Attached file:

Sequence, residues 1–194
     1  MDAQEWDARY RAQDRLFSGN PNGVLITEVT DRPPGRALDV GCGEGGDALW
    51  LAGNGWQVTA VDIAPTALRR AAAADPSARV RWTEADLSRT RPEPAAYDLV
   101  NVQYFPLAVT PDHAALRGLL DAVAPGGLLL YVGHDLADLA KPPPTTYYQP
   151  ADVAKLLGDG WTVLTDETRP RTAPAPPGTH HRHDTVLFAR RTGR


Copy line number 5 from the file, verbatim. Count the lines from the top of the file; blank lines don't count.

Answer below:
   151  ADVAKLLGDG WTVLTDETRP RTAPAPPGTH HRHDTVLFAR RTGR